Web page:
Sergio Corbucci and Cameron Mitchell had both already made westerns in 1964. Both had been attempts to re-create the traditional American style of the form and both had been disappointing efforts. But something was obviously in the air in 1964 Italy. Sergio Leone made the game changing Fistful of Dollars and with Minnesota Clay some of the tropes which would become familiar and distinct in the Spaghetti Western were simultaneously starting to show their faces. Corbucci's film is far more flawed than Leone's but there's enough good stuff going on to raise it above the average and give clear hints of what was to come from the second great Sergio.
If Massacre at Grand Canyon is difficult to identify with the Corbucci style of subsequent years then Minnesota Clay is a notable progression for the director and it's unsurprising that it was with this film that he felt confident enough to use his own name on the credits. Indeed he was the first Italian director to do so with a western. This was a film he was obviously proud to be associated with. It was a personal project that he helped write and develop as well as direct and it shows. It is not, however, without some significant flaws, and it is due to these that Fistful of Dollars became the film which revolutionised the European western not Minnesota Clay.
To begin with the eponymous character of Clay himself lacks the sex appeal of the ultra cool anti hero from Leone's film. He is older, more straight forwardly honest and driven by a sense of justice and paternal duty. The secondary characters are mostly weaker also, with the juvenile Andy bordering on the irritating. Presumably the age of the protagonist led them to believe they needed a younger love interest going on. They were wrong. The prime villain of the piece, Sheriff Fox is fine and Fernando Sancho as the Mexican bandit leader (of course) is good but a little under utilised. Finally, the score is OK but far from memorable.
So, with it's faults acknowledged up front, let's concentrate on its strengths. Because it has plenty and some of them, perversely, are the same elements I just highlighted as its weaknesses.
First up is the central character, Clay. Yes, he's old and a bit stodgy and lacking in the cool quota but he has a key element which gives him a much higher level of interest; he is going blind. The handicapped protagonist would become a repeated feature in Corbucci's films, from the mute Silence in The Great Silence to the mangled hands of the eponymous hero in the final scenes of Django these handicaps remain memorable and well placed. (The blind gunman would also be taken a step further some years later of course in Ferdinando Baldi's Blindman, a Spaghetti take on the Zatoichi blind samurai saga)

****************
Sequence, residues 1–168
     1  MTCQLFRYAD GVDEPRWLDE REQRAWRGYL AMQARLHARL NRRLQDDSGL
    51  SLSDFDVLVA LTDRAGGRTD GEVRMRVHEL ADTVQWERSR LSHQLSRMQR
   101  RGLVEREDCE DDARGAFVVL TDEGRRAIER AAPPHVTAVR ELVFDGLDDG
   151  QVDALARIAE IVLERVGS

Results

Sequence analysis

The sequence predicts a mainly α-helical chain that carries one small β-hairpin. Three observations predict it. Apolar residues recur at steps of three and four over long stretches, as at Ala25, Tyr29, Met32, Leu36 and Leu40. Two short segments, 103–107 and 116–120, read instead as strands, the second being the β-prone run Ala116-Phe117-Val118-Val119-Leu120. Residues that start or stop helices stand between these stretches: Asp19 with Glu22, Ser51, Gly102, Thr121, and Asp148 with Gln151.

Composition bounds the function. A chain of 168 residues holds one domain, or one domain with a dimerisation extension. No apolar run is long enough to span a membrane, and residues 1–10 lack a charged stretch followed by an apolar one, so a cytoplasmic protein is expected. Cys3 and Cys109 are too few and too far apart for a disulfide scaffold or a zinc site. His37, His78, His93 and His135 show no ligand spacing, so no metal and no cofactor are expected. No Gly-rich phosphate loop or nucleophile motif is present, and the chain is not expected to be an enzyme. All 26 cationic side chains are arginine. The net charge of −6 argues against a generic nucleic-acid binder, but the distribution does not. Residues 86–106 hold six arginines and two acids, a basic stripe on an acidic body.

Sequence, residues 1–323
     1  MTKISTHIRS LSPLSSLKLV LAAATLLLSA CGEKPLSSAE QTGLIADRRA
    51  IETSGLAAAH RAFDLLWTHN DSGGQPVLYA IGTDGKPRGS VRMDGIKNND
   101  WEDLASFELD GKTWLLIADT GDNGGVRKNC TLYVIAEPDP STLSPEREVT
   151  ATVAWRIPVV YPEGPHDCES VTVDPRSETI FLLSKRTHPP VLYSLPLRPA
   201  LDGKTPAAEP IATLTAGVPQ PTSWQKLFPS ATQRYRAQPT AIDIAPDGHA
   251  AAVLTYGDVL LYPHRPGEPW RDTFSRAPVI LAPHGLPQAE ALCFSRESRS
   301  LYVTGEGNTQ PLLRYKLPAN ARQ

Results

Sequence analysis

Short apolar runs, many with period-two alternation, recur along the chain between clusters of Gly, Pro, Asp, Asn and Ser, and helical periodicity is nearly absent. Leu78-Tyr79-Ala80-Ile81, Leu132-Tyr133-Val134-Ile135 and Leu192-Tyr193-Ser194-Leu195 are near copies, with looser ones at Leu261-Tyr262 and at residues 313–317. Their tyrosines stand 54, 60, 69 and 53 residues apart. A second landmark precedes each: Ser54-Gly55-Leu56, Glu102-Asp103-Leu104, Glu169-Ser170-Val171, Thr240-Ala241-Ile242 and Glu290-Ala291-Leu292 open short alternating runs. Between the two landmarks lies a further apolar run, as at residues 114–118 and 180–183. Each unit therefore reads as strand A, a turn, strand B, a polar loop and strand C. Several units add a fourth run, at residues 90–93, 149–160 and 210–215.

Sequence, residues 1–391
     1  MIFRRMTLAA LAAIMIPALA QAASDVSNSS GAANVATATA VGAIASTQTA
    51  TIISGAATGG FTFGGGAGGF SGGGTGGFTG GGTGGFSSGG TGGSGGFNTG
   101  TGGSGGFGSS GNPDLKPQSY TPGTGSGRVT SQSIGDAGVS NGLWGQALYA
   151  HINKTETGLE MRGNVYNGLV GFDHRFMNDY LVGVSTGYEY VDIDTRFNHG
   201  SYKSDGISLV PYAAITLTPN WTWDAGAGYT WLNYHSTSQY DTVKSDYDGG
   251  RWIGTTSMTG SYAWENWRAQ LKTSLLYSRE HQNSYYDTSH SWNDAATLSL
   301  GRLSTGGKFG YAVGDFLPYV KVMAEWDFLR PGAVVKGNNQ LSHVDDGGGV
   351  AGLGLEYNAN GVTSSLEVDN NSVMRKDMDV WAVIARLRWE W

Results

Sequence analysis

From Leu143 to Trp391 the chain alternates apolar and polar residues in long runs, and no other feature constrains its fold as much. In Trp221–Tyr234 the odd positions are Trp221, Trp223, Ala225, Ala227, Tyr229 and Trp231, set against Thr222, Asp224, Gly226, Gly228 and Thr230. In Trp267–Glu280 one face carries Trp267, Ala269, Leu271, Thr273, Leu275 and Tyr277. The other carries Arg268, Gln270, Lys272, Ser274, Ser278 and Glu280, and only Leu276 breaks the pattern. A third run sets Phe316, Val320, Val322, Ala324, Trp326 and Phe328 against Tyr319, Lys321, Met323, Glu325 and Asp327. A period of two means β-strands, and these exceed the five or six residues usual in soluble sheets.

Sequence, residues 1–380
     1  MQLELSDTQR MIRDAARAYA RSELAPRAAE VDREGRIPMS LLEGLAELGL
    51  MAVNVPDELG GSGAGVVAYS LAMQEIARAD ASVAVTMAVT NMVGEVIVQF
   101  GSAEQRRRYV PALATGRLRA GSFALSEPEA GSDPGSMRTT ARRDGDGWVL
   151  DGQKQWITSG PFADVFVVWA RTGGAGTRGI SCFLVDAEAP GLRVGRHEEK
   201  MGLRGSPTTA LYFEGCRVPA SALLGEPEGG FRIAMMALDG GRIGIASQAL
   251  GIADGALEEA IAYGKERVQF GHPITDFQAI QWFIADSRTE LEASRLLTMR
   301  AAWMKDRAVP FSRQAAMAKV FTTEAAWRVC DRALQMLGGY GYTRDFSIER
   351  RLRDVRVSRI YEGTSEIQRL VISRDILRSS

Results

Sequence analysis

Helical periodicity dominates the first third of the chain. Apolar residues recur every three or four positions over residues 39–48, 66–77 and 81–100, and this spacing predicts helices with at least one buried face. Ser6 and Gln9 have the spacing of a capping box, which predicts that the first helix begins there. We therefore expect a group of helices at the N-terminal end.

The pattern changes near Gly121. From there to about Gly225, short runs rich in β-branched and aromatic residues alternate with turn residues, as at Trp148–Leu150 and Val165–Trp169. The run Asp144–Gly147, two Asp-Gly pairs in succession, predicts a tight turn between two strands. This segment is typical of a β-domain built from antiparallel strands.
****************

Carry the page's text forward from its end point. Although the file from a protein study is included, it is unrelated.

The addition of a disability to an otherwise uncannily skillful gunfighter adds a crucially needed complication and obstacle for the hero and allows for a heightened sense of danger and tension as the narrative unfolds. The best gunfighter in the west coming home to exact revenge quickly becomes a tale of one-sided slaughter. The weakened gunfighter racing against time and the odds makes for much better drama. Good direction is still required and thankfully Corbucci is on point here, particularly in the climax of the film as Clay uses the advantage of night and his heightened sense of hearing to battle the gang of hoods sent to get him and finally face down the evil sheriff. This final section of the film is by far the strongest and Corbucci elects to drop the previously mentioned music almost completely; playing the tense cat and mouse scenes in near silence. In a genre that became rightly lionised for its magnificent marriage of music and visuals these tense but quiet scenes are memorable and very effective. They are also really well lit, using the darkness, shadows and sporadic beams of light to atmospheric advantage. These quiet scenes also work to avoid one of the other weaknesses of the film, namely its sometimes clunky dialogue. Frankly, as the film moves further on and the characters talk less, the better the whole thing gets.
In fact, it's almost as if Corbucci was settling in to his own Italian style as the narrative progressed. In many ways the film seems to start off like a traditional U.S western copy and gradually shrugs off its conventional cocoon and emerges almost fully morphed into its Spaghetti form. Yet, bizarrely, it is right at this moment where it seems the Italians lost their nerve because there are two very different endings to this film and it is the Italian released one that is the most contrived and least satisfying. For the sake of spoiler avoidance I won't go into details but suffice to say if you want a happy ending watch the Italian version. If you want the better ending watch it in English.
Alex Cox described this film in his book 10,000 Ways to Die as "part-American, part-Italian, often bad, sometimes brilliant" and I think that pretty much sums it up. It's not a film I would include in any top 20 list but it is definitely one that I would consider above average and has plenty to enjoy. It's also a film of interest just to see the beginnings of an aesthetic that would be fully fledged in the coming year or so and the blossoming of a director who would go on to be one of the greats of the genre. Whichever way you approach it, it is recommended viewing.
For the purposes of this review I watched the Japanese Imagica DVD release which comes a s part of one of their Macaroni Western box sets. Despite it's age it still has probably the best image quality of any release currently available and has Italian or English audio with Japanese or English subtitle options. It uses the full length Italian ending which I watched for the sake of interest but I would always recommending skipping the happy add-on in future.